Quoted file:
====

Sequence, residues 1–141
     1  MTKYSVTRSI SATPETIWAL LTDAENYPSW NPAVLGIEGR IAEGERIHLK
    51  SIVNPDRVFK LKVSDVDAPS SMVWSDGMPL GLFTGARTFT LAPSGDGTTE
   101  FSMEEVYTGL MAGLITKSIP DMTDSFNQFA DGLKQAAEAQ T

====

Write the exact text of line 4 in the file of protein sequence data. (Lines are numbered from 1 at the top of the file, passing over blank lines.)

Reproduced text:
   101  FSMEEVYTGL MAGLITKSIP DMTDSFNQFA DGLKQAAEAQ T